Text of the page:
The kick-off to the regular Sunday night football season began on Sept. 9th with the Chicago Bears playing the Green Bay Packers at Lambeau Field. It is the 100th season of football for the Packers and the game was played out as a tale of two halves with an epic comeback by Aaron Rodgers and team to win the game, 24-23.
So, what does football have to do with talent acquisition and in particular, this game? There are four key lessons we can learn from football and translate to talent acquisition.
Plan and execute
- Have a plan in place prior to your strategic launch. In the case of the Chicago Bears, they were ready for action and threw every sort of defensive and offensive scheme at the Packers. They were aggressive and weren’t afraid to try new things.
With every new campaign or strategy, be clever, imaginative and innovative. You have a clean slate and you know the desired end result which typically is to attract, recruit and retain top talent. Don’t be afraid to try something new!
Pay your top talent
- Welcome and immerse your top talent into your culture immediately. The Sunday night game featured the highest paid NFL player in Aaron Rodgers (Packers) and the highest paid defensive player in Khalil Mack (Bears). Cris Collinsworth from NBC reported that “it was the most expensive collision in NFL history” when Khalil Mack hit Aaron Rodgers. For Mack it was his first exposure to the Bears-Packers rivalry; for Rodgers it was stepping into history with the Packers leading the rivalry with a record of 97 wins – 94 losses and 6 ties and adding one more piece to his amazing legend. And, in spite of being the highest paid NFL player in history, Rodgers returned to the game, invoking his inner Brett Favre whom he played back-up to for three years and showed his toughness by playing through injuries, making Rodgers definitely worth the investment.
Money isn’t the only thing that matters but it sure is nice to be paid well. It’s important to pay employees what they are worth, knowing that compensation comes in many forms. This includes culture and the investment in employees’ growth through learning and development programs plus more traditional benefits as well.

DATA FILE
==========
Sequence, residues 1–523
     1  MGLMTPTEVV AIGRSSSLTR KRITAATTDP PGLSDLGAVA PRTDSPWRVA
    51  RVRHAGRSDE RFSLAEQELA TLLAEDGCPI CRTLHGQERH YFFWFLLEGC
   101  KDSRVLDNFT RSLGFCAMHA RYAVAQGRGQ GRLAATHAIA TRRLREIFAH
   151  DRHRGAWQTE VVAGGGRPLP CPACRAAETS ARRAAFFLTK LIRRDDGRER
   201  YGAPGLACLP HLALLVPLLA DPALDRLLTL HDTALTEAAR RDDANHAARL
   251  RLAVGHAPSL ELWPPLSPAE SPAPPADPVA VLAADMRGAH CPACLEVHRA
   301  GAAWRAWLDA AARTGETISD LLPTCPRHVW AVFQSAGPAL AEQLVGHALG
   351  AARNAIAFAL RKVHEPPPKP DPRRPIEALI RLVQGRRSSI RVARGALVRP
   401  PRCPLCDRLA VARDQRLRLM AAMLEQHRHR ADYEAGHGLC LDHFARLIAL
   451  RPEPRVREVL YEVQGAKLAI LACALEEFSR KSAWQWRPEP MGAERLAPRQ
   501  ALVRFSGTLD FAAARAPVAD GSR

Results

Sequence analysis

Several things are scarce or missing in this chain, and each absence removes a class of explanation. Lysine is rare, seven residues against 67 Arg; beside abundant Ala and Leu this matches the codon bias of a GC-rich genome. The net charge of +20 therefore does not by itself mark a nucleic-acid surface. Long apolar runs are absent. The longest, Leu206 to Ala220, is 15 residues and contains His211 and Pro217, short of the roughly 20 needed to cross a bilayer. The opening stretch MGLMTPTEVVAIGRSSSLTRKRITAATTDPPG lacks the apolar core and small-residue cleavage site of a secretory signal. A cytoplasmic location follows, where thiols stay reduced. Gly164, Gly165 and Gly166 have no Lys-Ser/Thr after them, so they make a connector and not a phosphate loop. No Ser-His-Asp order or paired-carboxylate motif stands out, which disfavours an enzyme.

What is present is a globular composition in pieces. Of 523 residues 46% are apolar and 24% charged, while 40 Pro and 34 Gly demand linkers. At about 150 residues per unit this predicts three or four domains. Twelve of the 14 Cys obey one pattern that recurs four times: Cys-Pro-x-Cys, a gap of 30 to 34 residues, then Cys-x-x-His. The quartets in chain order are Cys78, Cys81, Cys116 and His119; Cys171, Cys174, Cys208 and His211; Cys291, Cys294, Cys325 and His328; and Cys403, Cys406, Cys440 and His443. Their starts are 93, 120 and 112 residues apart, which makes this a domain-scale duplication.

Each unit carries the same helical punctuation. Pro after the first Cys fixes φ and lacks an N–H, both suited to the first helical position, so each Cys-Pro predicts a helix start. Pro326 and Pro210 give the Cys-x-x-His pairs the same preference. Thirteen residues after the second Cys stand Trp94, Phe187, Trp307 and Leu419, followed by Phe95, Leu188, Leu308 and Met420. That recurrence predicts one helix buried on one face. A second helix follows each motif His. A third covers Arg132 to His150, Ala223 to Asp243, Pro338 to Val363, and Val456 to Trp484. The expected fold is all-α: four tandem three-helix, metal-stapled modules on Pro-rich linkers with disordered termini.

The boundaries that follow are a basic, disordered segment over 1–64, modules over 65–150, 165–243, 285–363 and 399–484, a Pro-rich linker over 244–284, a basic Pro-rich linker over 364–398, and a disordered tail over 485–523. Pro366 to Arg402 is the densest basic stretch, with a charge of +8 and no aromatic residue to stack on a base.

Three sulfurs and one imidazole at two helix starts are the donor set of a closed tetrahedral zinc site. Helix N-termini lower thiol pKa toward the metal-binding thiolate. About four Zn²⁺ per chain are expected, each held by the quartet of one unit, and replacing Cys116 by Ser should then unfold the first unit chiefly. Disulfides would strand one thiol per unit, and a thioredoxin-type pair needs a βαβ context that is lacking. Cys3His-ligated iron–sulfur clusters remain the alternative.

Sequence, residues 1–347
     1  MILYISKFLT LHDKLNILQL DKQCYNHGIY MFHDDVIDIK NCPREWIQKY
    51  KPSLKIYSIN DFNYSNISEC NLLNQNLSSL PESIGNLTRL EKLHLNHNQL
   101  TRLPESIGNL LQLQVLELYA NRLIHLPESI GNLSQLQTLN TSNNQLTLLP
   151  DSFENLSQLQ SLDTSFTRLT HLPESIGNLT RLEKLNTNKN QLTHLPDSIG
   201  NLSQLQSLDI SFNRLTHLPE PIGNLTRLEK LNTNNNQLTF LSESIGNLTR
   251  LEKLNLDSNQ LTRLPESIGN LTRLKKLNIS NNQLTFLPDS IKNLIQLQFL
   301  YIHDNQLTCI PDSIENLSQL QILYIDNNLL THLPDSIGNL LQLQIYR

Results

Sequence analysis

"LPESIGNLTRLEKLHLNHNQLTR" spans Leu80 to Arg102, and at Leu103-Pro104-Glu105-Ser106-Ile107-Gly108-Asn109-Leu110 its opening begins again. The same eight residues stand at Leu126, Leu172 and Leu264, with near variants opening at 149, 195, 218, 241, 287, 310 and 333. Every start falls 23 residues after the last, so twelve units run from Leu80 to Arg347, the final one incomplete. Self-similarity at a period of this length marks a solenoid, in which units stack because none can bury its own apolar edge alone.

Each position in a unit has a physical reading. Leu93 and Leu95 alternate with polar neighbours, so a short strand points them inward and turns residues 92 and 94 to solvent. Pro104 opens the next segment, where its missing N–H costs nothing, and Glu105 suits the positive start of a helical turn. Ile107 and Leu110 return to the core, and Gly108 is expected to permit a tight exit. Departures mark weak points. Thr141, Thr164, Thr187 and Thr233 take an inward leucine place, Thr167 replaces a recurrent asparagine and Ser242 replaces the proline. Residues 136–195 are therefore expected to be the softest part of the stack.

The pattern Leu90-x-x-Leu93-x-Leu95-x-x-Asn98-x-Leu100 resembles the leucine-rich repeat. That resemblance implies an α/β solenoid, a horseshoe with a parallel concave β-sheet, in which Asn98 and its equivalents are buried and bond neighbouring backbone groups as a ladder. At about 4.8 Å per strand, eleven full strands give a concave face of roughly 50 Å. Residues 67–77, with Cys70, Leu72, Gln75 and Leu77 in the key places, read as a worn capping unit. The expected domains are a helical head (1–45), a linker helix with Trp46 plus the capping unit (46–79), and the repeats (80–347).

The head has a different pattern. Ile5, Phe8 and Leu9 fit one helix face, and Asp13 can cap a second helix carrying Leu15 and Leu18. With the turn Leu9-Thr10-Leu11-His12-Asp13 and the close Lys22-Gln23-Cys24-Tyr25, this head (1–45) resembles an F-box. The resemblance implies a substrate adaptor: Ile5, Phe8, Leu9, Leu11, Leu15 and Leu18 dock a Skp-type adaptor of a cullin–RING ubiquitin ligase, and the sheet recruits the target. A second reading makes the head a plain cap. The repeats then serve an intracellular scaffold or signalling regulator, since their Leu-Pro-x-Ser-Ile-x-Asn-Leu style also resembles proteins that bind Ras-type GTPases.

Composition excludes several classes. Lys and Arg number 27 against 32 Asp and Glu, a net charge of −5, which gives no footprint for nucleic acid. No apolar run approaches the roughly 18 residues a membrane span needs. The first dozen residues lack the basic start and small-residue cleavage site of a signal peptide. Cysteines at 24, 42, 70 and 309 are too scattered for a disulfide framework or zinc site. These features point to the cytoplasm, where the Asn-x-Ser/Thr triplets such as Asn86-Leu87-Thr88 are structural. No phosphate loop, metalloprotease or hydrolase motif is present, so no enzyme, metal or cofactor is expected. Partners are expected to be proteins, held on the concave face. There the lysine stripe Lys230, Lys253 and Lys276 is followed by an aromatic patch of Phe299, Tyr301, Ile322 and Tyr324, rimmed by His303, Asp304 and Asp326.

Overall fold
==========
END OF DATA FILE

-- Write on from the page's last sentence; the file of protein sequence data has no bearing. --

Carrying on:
Re-evaluate your plan
- If your plan isn’t working, have the ability to pivot and change directions. This is exactly what happened when the Packers were down 17-0 at half-time. They returned to the field with a new strategy that included better protection from the offensive line, better defense and coverage, including the ability to make tackles, and their all pro quarterback Aaron Rodgers, releasing the ball quickly (Rodgers was carted off in the middle of the second half with a knee injury so when he returned, Packer nation breathed a sigh of relief). If you don’t first succeed, don’t punt – instead re-evaluate.
The ability to regularly review your strategic plans and tactics, make adjustments and pivot, especially in the programmatic advertising arena where, through machine learning, your dollars can be shifted to media that is working for you can lead to a greater return on your investment. You should try it.
- Breakdown your strategy into the lowest common denominator for better results
When Aaron Rodgers returned to the game with 9 minutes and 10 seconds left in the third quarter, the score was 20-0 in favor of the Bears. He knew that not only did his team need to score three touchdowns, they also needed to produce on every single possession left in the game (Rodgers response to the question, “What did you think when the score was 20-0?” is a perfect example of this. He said “7 x 3 – three touchdowns for 21 points is what we needed.”). The Packers had a total of five possessions through the end of the game and they scored on four of them with the last possession used to run out the clock and win the game. In the huddle, Rodgers told his offense, “You do your job and I’ll do mine.”
Know your job, do it well and stay in your lane. Establish your key performance indicators, make sure they align with the company’s business goals and breakdown your hiring targets and budget numbers. Try to measure this weekly (if not more) so you can continually analyze and pivot when you need to while always assessing the situation. I’m not sure your result will be as memorable as the epic comeback by the Packers, but you will score points with your hiring managers, peers and team.
The Bears held the edge in time of possession, turnovers and rushing yards but not the final score. They’ll be out for revenge when the two teams meet again, this time at Soldier Field in Chicago on Sunday, Dec. 16th. Perhaps there will be more lessons learned from that game!
Written by a lifelong cheesehead and Green Bay Packer shareholder who lives in the Chicago area.